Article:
Wills and the Willing–Dream in Colour–Review

Ian Wills has always had somewhat of a ‘revolving door policy’ on his critically acclaimed band Wills & The Willing. Each of his first two albums featured an almost entirely different line-up, including Jessie Wood (Reef), Rachel Wood (Cirque de Soleil), and guest vocals from the likes of Tom McRae., Harry Collier, & Liane Carrol. Now with a brand new line-up and a bigger, more accessible sound for his third album ‘Dream In Colour’; Wills finally believes that he has settled on a definitive band line-up and has an inspiring set of new songs that will help take the band to a much wider audience. With their brand new album “ Dream in Colour”, Wills and the Willing have crafted a timeless audio journey that flows seamlessly from song to song with stories bursting to be told. It’s spoken word with an Indie twist and tons of punk attitude. At first listen Ian Dury springs to mind but The Wills take it to a different level. The music is so epic, dreamy and laced with walls of euphoric sound it’s almost reminiscent of The Beach Boys on acid on holiday with a sonic and dreamy Beck, but then there are […]

Green Day – ‘Revolution Radio’ Review

Billie, Tre and Mike put their 2012 meltdown behind them on an album as strong as anything they’ve done since ‘American Idiot’ As falls from grace go, Green Day’s 2012 chastening was one for the ages: hubristic overreaching, self-inflicted exhaustion, an excruciating public meltdown leading to a raft of postponed tour dates and an entire trilogy of underwhelming albums that laid bare the scorched-earth extent of their burnout. What lit the match, however, may have been nothing more than a misguided surfeit of ambition. After two decades at the top of their game, Green Day seemed to believe it was no longer enough to simply be a band that released albums; they had to be a behemoth that made statements, even ones as unwieldy and confounding as ‘¡Uno! ¡Dos! ¡Tré!’. Every great downfall deserves a redemption, however, and with ‘Revolution Radio’, Green Day now have theirs. There’ll be no Broadway musicals made of this album, no think-pieces devoted to unpicking its politics or meaning, but as a simple collection of songs, it’s as strong as anything they’ve come up with since 2004’s ‘American Idiot’. Thematically, Billie Joe Armstrong has said the album is about making sense of our chaotic times, […]

Lady Gaga – Joanne

Eight years have flown by since Lady Gaga exploded onto the international stage with her RedOne produced, Colby O’Donis featuring and RedOne/Akon co-written debut single Just Dance. Almost instantly she became one of the most talked about and sought after pop icons. As she toured the world and thrilled her Little Monsters with her message of self-belief, anthemic pop songs and thrilling outfits, Lady Gaga’s profile exploded to the point of implosion. With her third studio album, Artpop, taking her identity exploration to an extreme, many fans felt they had lost their sense of connection with their champion. Her response, sensibly, was to take a step back and re-focus her energies on her own goals. After a brief exploration of jazz standards with the legendary Tony Bennett for her fourth studio album, she returns with her long-awaited fifth studio album, Joanne, and a reported foray with country pop. First things first, Joanne may have country undertones, but this is no country album. This is Lady Gaga at her most personal and insightful. Stripping away the experimental edge that was so harshly over criticized on the actually rather compelling Artpop, Lady Gaga delivers a record that shines a light on the […]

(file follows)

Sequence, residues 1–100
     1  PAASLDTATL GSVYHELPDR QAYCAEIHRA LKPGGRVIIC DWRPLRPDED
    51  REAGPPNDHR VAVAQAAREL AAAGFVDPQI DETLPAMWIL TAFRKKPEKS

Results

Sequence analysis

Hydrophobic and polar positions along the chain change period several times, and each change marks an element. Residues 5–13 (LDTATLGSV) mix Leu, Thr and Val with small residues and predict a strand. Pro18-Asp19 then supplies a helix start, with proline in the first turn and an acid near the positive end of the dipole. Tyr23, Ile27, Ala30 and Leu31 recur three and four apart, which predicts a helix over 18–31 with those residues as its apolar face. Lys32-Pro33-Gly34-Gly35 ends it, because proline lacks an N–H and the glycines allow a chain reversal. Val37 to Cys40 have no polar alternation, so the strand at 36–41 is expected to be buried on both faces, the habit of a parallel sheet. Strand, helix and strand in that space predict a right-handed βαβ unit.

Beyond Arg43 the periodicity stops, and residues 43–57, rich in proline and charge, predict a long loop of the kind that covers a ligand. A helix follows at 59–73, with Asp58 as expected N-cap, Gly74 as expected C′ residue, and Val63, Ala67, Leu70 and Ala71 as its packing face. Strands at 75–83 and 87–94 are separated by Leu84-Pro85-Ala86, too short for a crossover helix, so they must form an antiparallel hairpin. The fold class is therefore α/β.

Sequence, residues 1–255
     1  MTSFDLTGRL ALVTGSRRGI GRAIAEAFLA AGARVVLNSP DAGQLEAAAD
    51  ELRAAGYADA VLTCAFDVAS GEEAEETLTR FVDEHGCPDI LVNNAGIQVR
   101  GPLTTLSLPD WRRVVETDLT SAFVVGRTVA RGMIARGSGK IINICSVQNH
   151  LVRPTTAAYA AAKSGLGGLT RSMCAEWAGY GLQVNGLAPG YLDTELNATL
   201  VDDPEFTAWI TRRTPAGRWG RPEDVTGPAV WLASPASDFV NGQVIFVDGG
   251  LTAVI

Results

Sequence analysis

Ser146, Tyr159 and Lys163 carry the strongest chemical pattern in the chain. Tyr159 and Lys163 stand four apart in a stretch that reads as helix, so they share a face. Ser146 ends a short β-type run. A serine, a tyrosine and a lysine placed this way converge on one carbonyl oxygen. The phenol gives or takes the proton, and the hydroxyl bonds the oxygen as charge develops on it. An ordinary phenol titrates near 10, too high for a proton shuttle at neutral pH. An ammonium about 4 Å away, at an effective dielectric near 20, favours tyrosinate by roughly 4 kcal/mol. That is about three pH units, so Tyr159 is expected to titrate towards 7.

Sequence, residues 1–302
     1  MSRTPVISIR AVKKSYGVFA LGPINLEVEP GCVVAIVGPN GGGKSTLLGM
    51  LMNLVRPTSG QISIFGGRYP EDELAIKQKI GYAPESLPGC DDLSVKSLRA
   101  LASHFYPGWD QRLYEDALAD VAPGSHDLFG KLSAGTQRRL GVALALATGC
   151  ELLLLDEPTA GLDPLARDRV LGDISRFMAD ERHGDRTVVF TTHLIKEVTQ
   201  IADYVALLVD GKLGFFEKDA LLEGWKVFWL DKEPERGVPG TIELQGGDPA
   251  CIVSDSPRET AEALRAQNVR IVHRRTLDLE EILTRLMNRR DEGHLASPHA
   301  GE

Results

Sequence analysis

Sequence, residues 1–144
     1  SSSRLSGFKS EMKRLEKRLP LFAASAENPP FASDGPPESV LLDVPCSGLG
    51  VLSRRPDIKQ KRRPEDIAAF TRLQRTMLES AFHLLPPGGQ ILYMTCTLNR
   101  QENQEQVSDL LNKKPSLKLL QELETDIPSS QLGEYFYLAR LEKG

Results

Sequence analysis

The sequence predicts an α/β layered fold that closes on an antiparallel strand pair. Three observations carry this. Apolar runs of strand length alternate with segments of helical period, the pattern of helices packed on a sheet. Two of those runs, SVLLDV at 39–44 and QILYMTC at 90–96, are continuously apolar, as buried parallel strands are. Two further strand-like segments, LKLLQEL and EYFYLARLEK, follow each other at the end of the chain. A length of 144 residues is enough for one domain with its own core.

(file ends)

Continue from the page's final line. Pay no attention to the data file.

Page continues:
Theatre of Hate–Westworld – Cherry Red Records (label)

In the crazy creative world of the early 1980s, there were times when several genres merged to great effect. For example, the likes of Japan developed a unique New Wave sound, using the best elements of 70s Glam with the fresher New Romantic. Other bands came and went almost as quickly as David Sylvian’s Japan, but didn’t leave the same influential soundtrack. Perhaps harshly, Theatre of Hate can be put in that latter bracket. Westworld was their only album and combined raw punk elements with a more produced, expansive, slightly self-indulgent sound. Formed after the demise of The Pack, Theatre of Hate featured the unique vocal of Kirk Brandon, alongside Stan Stammers (bass), guitarist Steve Guthrie, drummer Luke Rendle and, as if to typify the era, saxophonist John Lennard. Westworld was the band’s only album, with the follow-up never seeing the light of day before Brandon went on to form the poppier, but just as angry sounding, Spear of Destiny. At the time, the album was seen by some fans as a disappointment. Produced by The Clash’s Mick Jones, it came after several independent singles that had created a buzz, as well as raucous live shows. The album though lacked […]